Why would a Funeral business want or need to be dementia friendly?
The best way to answer that is to describe three recent funeral arrangements, all of which involved a person living with dementia.
The first example was an elderly lady who asked us to arrange her husband’s funeral. He had died in a care home from dementia. The lady, let’s call her Joan, was as grief stricken as any other new widow that I have worked with in over 30 years as a funeral professional. However she had an additional burden in that she had been parted for many months from the person she had been married to for very many years. She was parted from him to begin with by the dementia, which gradually, over time, robbed her of the man she knew. She never stopped loving him, but he wasn’t the same. Over the months he was less and less able to remember who she was: his behaviour became erratic and at times aggressive. Finally she was parted from him when his care became just too much for her and he was admitted into a care home. This final parting left her feeling inadequate and guilty, emotions which are now added to her very natural grief at his death. This complicated grief may take considerable time to work through and may even require specialist support.
Tony has vascular dementia. His wife, Sally, was his carer. Sadly Sally became very ill and in a matter of weeks from the onset of her illness, died in hospital. During her hospital stay Tony was cared for by family and professional carers who came in for an hour each day. His daughters were with him when I visited them at home to arrange the funeral. Throughout the hour or so that I spent with him he would veer from being fully engaged in the conversation to getting up and wandering off to another room. He seemed to have grasped the fact that Sally had died one minute and then the next spoke as if she were in the house somewhere. It was very important to the family that he was included in the decisions that were being made but we were careful not to give him too many choices that he may find hard to process. For example he was asked ‘Would you like this coffin for Mum?’ and ‘Shall we sing All Things Bright and Beautiful?’ In consultation with the Minister, the service was kept fairly short with no long eulogy and the use of photographs on a screen helped him to cement the memory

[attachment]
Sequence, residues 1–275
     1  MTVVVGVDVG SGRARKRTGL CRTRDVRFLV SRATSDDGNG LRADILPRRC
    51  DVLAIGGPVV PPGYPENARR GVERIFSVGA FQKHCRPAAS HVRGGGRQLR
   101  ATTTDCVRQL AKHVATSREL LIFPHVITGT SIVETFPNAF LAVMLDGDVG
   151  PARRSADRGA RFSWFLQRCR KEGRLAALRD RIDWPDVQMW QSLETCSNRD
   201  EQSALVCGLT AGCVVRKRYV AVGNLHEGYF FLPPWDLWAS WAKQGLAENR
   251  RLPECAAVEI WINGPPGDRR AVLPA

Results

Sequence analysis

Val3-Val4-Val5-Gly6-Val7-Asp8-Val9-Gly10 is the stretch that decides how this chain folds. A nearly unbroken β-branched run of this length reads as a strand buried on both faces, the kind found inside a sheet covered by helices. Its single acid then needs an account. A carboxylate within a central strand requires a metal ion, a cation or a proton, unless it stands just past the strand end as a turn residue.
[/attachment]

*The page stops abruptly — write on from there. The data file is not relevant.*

Richard, a widower, had been diagnosed with dementia six months before he called me to arrange a funeral plan. At the time he called he did not mention his dementia, however when I arrived it was one of the first things that he told me. Once I had that information I was very careful to ensure that he had sufficient mental capacity to make the required decisions. I asked him if he had discussed this with his children and he said that his son was aware of his plans. As he was adding his son’s contact details to his plan application, I asked him if he would mind me speaking to his son before I processed the plan. I told him that his diagnosis may cause a problem if any of his family believed that he had, in any way, been coerced and this was really for his sake as well as mine. He was more than happy and suggested I called his son there and then before we completed the application. His son was very grateful for my call and appreciated that I had checked his Father’s capacity. He was quite happy for me to proceed.
Every day funeral Directors up and down the country are dealing with those living with dementia, either because they have been diagnosed or are caring for somebody who has. 850,000 people are living with a diagnosed dementia in the UK today, and it is estimated that several thousands more are as yet undiagnosed. By 2020 it is likely to top a million people. Every single one of us can make a difference by becoming dementia aware and by making our businesses as dementia friendly as we can. We could all do at least one thing. Why not begin by becoming a dementia friend? It’s so easy to do and you can find out how by visiting https://www.dementiafriends.org.uk
My business is working to become dementia friendly, is yours? Funeral Directors United Against Dementia.